A crying baby who won't stop crying can be upsetting! Try to stay calm. Babies can tell when you are upset. This makes them cry louder and harder. And here is an IMPORTANT WARNING FOR ALL PARENTS — NO MATTER HOW IMPATIENT OR ANGRY YOU FEEL, NEVER SHAKE OR HIT YOUR BABY! Hard shaking can cause brain damage, blindness, hearing loss, learning problems, seizures, cerebral palsy, paralysis or even death. Never hold or pick up a baby when you feel angry. Be sure to tell everyone who takes care of your baby that they should NEVER SHAKE OR HIT your baby for any reason.
- Gently rock your baby.
- Sing or talk to your baby.
- Play a record or turn on the radio. Music can calm a baby.
- Take your baby for a walk in the stroller.
- Lay your baby on his or her back and gently rub the baby's stomach. This may help your baby feel better.
Have you tried all these tricks? Are you sure your baby isn't sick? The only thing you can do now is wait it out. If you start to feel upset, take a break! Don't lose your temper — that won't help you or the baby. INSTEAD:
- — Put The Baby Down For A While In A Safe Place. Have a cup of tea or something hot to drink (but do not drink hot beverages while holding your baby).
- — Think About How Sweet Your Baby Is When She Or He Isn'T Crying. Remember the things you like best about your baby.
- — Call Someone You Trust To Help. Let that person take care of the baby while you relax.
If your baby has been crying for a very long time, call the baby's doctor or health clinic. It's the only way to be sure your baby isn't sick.
Important Safety Tips!
Some parents don't worry about safety until their babies are older. Injuries can happen at any age. To keep your baby safe, remember:
- Always use a rear-facing infant car seat that is properly secured in the middle of the back seat when transporting your baby.
- Set the hot water thermostat at less than 120 degrees Fahrenheit or, if you can't lower the temperature, use an anti-scald device.
- Test the water temperature with your open hand and swish it around to make sure it is not too hot before bathing the baby.
- Put cleaning products and other poisonous materials out of reach and in childproof cabinets and containers.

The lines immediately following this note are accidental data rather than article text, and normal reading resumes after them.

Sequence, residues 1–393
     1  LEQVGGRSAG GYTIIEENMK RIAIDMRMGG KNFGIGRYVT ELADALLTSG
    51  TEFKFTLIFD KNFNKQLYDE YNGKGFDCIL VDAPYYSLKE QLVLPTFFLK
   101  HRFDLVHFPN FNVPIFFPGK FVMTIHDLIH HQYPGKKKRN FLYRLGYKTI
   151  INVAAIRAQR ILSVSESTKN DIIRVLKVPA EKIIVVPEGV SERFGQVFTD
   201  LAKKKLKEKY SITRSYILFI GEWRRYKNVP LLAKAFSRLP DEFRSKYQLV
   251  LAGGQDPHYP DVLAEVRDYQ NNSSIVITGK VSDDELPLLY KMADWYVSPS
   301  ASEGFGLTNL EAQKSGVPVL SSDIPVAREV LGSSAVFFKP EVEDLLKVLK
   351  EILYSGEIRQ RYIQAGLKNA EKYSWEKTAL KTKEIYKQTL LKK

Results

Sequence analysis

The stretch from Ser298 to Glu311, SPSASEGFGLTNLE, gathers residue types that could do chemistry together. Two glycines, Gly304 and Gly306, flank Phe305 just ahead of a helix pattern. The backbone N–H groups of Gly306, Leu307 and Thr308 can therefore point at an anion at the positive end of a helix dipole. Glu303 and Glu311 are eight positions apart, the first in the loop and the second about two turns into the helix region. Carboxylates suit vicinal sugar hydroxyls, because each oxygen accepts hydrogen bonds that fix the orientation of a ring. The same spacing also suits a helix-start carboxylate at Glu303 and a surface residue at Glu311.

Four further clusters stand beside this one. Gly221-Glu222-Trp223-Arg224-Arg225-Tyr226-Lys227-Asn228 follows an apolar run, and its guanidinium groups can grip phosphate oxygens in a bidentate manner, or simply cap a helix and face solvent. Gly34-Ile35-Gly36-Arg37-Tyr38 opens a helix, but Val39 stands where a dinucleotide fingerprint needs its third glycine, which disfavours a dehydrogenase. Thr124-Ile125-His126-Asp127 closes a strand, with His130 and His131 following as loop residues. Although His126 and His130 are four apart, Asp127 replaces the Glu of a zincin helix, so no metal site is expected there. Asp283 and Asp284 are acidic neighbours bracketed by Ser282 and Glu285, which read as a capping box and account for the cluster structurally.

- Do not leave your baby alone in a tub of water or on a changing table, bed, sofa or chair. Always keep one hand on the baby.
- Only use a crib that has slats that are less than 2-3/8 inches apart. Use a firm mattress that fits snugly to the crib. Do not put the baby to sleep on a soft surface, such as a waterbed, couch or pillow.
- Put the baby to sleep on his or her back.
- Do not feed your baby chunks of food, such as grapes or hot dog. Keep small toy parts out of reach, they can pose a choking hazard.
- Do not smoke or drink hot liquids while holding your baby.
- Install and maintain smoke and carbon monoxide detectors in your home.
- Never leave baby alone with a young brother or sister, or pet.
The Joy Of Playing
Take some time each day to play with your baby. Hold your baby. Some babies love to snuggle up close. Others like to be held gently in your arms or across your lap. Holding your baby will make you feel good — and make your baby feel loved.
Playtime is important and fun for both of you. Games teach babies to:
- Use their bodies.
- Make sounds.
- Feel good about themselves.
- Get along with people.
- Feel good about the person taking care of them.
You are your baby's best toy! Try some of these simple games together:
- Talk to your baby. Listen to the sounds your baby makes. If your baby gurgles — gurgle back!
- Hold your fingers out for your baby to grab. Babies love to practice grabbing.
- Look into your baby's eyes. Sing, talk, or make cooing sounds. Move your head slowly from side to side in front of your baby. Babies love to look at faces and follow the sound of a voice — especially yours.